You have a hormone imbalance
Up to 10 percent of women have hirsutism, which is hair growth in a typical male pattern, according to the Mass General Research Institute. This means you can get hair where you don’t want it, like your face, belly, thighs, or butt. According to Mount Sinai Medical Center, about half of cases are caused by high levels of male sex hormones or “androgens,” like testosterone. A frequent culprit is polycystic ovarian syndrome (PCOS). “Women with PCOS usually have excessive growth of facial or body hair because the condition produces excessive amounts of androgens,” says Ghasak Amer Mahmood, MD, an endocrinologist at PIH Health in Whittier, California. So how to get rid of body hair? “This commonly improves with treatment, which includes medications to help regulate the function of the ovaries and reduce the amount of androgens they secrete,” Dr. Mahmood says. The first line of treatment is usually the birth control pill; if that doesn’t work, other anti-androgen medications are available—although you shouldn’t take them if you are trying to get pregnant, as they can cause birth defects. These are the other clear signs you have a hormonal imbalance.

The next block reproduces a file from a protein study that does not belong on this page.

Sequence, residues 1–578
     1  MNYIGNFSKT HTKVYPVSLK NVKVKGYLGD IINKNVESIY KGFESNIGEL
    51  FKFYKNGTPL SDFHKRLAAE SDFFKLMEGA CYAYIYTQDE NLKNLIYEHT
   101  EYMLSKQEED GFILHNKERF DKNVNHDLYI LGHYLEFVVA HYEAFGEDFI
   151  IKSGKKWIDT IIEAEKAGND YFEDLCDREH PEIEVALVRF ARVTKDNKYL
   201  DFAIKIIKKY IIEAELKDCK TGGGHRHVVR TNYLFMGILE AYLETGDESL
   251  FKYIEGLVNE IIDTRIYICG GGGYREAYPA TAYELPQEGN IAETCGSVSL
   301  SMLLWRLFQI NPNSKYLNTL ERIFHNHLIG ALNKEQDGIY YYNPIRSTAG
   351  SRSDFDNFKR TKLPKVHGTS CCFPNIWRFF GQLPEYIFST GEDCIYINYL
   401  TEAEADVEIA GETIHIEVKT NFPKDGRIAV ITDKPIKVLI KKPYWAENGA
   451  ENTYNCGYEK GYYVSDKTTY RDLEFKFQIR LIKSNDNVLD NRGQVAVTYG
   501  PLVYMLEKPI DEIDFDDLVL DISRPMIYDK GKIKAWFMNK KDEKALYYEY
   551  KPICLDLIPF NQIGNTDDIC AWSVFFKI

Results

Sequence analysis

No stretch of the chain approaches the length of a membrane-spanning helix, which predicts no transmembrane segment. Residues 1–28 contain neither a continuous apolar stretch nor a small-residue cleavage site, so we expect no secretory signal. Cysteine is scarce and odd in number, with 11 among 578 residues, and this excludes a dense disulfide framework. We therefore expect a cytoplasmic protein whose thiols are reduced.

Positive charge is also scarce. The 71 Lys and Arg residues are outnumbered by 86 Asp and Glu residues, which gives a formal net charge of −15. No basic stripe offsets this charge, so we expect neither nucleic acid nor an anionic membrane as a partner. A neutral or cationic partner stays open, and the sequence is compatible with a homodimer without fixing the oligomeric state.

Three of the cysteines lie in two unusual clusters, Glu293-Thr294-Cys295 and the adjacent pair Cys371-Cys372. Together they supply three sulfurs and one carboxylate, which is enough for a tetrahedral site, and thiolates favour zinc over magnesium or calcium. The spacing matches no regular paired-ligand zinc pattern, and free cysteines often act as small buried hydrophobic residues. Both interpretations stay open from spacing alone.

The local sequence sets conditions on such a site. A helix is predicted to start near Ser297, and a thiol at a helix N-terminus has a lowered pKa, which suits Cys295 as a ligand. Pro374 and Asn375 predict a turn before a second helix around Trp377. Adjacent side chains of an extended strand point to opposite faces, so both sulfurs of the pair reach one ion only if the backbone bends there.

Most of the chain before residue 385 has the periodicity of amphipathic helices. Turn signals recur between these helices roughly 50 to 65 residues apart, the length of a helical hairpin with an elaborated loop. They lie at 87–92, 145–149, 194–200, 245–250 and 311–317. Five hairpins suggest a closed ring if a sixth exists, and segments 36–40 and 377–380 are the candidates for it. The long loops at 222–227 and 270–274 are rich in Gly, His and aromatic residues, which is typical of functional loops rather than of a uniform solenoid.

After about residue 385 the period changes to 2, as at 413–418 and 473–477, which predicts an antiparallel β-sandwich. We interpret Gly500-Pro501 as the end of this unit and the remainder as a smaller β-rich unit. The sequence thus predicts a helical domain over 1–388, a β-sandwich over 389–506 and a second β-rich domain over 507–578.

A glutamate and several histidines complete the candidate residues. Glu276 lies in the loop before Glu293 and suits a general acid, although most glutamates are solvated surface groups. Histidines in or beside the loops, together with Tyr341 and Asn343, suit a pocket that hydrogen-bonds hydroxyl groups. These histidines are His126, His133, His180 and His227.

You’re entering menopause
Even if your hormones are normally balanced, it won’t last forever. According to the American Society for Reproductive Medicine (ASRM), when estrogen levels decrease in menopause, androgens that had previously been held in check can cause unwanted side effects, like excess hair. “As many as half of women during menopause experience changes in hair growth, with scalp hair loss and unwanted body hair, especially on the upper lip or chin,” says Clara Ward, MD, an obstetrician-gynecologist and maternal-fetal medicine specialist at McGovern Medical School at UT Health and Children’s Memorial Hermann Hospital in Houston. “Hair growth can be a few hairs or heavy and beard-like, and can be soft like peach fuzz or dark, thick, and wiry.” Estrogen replacement may help women with facial hair during menopause—but discuss with your doctor whether it’s right for you. And if you choose to shave to remove unwanted hair, find out the 10 proven ways to prevent razor burn.